As a leader at work, her decisions affect the whole district. At home, she is a single mother of three. She also keeps chickens. Life is busy.
When lockdown came, she turned from parent to teacher overnight. But her role as a government administrator meant that she had to return to work.
Someone had to pay the health workers or more people would die.
“I really felt that if I delayed anything, I would be held responsible. It was really a very fearful moment for me.”
But returning to work proved fearful as well. Work meant exposure. And exposure could lead to her family getting sick.
Keeping them safe became paramount. Washing hands, practising good hygiene, not allowing her family to touch her things. She tried her best and told others to do the same.
Not just in her own home, but also within the wider community.
“I stop by and say: Please, do you know that you’re not wearing your mask? Can you please put on your mask?”
Handwashing facilities at people’s homes were mandated. However, with more than 30 per cent of people having poor or no access to clean water, she felt more had to be done.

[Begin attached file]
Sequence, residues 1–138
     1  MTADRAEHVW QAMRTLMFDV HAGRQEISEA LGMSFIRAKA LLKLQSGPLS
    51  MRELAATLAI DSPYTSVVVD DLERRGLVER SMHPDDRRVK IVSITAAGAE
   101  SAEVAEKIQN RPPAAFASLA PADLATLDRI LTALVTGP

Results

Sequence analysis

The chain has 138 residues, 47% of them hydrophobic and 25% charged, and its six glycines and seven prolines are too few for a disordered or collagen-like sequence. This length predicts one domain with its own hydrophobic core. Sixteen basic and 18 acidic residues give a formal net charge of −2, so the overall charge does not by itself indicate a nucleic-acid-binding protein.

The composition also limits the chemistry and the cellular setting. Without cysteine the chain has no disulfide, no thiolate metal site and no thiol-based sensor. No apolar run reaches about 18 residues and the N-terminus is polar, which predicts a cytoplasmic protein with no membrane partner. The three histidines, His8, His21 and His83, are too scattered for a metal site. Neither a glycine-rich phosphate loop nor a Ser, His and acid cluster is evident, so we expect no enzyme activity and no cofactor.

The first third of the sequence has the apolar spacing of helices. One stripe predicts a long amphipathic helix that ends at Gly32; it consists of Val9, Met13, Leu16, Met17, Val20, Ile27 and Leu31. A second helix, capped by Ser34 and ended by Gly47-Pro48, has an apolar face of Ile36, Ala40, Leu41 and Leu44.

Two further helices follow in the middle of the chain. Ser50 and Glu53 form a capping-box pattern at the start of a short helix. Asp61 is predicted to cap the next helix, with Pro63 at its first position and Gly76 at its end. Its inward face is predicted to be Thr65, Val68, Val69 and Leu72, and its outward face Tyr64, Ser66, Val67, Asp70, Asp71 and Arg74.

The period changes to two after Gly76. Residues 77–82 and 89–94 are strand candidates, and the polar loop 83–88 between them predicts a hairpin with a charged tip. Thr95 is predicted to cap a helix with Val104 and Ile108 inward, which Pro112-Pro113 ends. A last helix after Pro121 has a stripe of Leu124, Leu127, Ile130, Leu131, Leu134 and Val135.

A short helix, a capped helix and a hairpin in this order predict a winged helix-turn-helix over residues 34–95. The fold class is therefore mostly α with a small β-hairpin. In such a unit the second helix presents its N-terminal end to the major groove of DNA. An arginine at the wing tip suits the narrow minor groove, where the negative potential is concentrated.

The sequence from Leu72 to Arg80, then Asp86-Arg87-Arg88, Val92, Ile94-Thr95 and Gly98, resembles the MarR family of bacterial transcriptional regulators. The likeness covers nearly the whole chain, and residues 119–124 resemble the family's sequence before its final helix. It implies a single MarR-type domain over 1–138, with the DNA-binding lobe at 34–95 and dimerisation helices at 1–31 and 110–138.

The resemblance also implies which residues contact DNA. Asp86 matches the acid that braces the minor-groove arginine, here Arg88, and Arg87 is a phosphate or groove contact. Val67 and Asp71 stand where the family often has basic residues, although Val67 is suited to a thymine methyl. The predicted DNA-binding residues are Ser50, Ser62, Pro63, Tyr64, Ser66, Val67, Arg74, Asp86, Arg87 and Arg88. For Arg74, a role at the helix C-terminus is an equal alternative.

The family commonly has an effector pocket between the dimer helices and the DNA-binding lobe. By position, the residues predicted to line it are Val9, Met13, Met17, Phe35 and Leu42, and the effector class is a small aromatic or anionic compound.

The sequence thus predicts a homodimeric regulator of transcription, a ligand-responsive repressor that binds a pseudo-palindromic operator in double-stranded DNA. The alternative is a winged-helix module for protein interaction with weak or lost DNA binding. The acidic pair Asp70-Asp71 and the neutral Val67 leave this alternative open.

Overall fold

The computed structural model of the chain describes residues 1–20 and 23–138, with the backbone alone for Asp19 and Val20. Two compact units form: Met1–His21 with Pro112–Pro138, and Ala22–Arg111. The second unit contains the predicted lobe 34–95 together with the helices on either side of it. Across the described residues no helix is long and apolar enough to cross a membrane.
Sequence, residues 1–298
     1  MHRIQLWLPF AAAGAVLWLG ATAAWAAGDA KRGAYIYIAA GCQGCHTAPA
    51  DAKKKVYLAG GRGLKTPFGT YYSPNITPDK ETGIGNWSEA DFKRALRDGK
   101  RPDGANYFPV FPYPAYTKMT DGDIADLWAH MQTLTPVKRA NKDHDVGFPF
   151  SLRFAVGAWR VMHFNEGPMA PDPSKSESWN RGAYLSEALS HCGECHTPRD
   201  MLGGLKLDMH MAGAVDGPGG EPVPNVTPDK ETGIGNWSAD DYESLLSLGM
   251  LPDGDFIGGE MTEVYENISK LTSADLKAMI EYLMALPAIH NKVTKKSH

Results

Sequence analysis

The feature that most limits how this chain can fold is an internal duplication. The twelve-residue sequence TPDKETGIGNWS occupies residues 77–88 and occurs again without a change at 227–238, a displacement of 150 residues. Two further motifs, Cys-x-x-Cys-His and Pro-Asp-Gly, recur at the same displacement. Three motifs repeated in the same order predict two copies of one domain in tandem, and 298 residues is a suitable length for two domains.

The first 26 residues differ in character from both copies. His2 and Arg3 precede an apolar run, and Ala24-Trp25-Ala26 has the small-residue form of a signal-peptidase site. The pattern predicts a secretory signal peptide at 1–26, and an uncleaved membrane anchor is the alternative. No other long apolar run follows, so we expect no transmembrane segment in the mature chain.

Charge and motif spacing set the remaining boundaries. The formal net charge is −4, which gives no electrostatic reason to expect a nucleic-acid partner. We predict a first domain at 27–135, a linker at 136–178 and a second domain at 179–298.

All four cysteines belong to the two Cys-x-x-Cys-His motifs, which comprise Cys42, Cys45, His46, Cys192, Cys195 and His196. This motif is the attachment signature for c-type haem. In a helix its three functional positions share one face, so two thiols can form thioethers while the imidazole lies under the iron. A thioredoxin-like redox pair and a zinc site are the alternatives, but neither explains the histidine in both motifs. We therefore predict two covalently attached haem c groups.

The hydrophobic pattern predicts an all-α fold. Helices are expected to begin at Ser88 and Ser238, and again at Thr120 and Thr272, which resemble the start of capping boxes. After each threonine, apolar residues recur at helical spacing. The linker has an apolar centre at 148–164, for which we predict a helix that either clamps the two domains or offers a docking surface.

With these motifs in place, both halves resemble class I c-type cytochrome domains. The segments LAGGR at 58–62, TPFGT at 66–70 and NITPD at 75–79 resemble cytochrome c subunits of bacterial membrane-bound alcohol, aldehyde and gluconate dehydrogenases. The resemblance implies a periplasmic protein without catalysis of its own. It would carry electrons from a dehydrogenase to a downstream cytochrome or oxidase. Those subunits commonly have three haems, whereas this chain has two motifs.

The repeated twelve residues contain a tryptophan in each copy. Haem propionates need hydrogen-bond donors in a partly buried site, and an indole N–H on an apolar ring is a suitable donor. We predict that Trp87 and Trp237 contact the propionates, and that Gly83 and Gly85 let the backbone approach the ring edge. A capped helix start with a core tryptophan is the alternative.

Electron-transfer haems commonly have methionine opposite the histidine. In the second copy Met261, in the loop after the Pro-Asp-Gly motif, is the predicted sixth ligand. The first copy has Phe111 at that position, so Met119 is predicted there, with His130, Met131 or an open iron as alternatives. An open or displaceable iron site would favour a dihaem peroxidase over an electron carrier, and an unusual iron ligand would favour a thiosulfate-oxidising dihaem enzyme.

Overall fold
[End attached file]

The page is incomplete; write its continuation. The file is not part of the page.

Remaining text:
Her solution? She founded a district partnership forum and invited all partners, both governmental and non-governmental, for a full-day meeting.
There, with all executive directors and officials present, she persuaded them to alter their budgets, to state what they could contribute and where and implored them to work together.
Since then, she has worked tirelessly on what she calls a ‘holistic sanitation arrangement’, creating synergy between disparate stakeholders and covering more communities every day.
lives in Dokolo in the north of Uganda and works for her district local government as principal assistant chief administrative officer. She also holds a portfolio with responsibility for coordinating all partners in the district local government. Rebecca’s mission is to uplift her community and keep her family safe.
out of 10
In northern Uganda, as many as three out of ten households are without water and have to walk long distances to access safe and clean water. During COVID, some families were stigmatised and prevented from getting water if they had sick family members.
girls, 1 boy
Rebecca has two children, one boy and one girl. She has also adopted a girl and employs a female domestic worker. Her son is the only male in the household and sometimes acts like he is in charge despite being a young boy.
Out of 489 villages, 30 have experienced significant improvements after support programme interventions. Rebecca would love to see this coverage increase to reach more people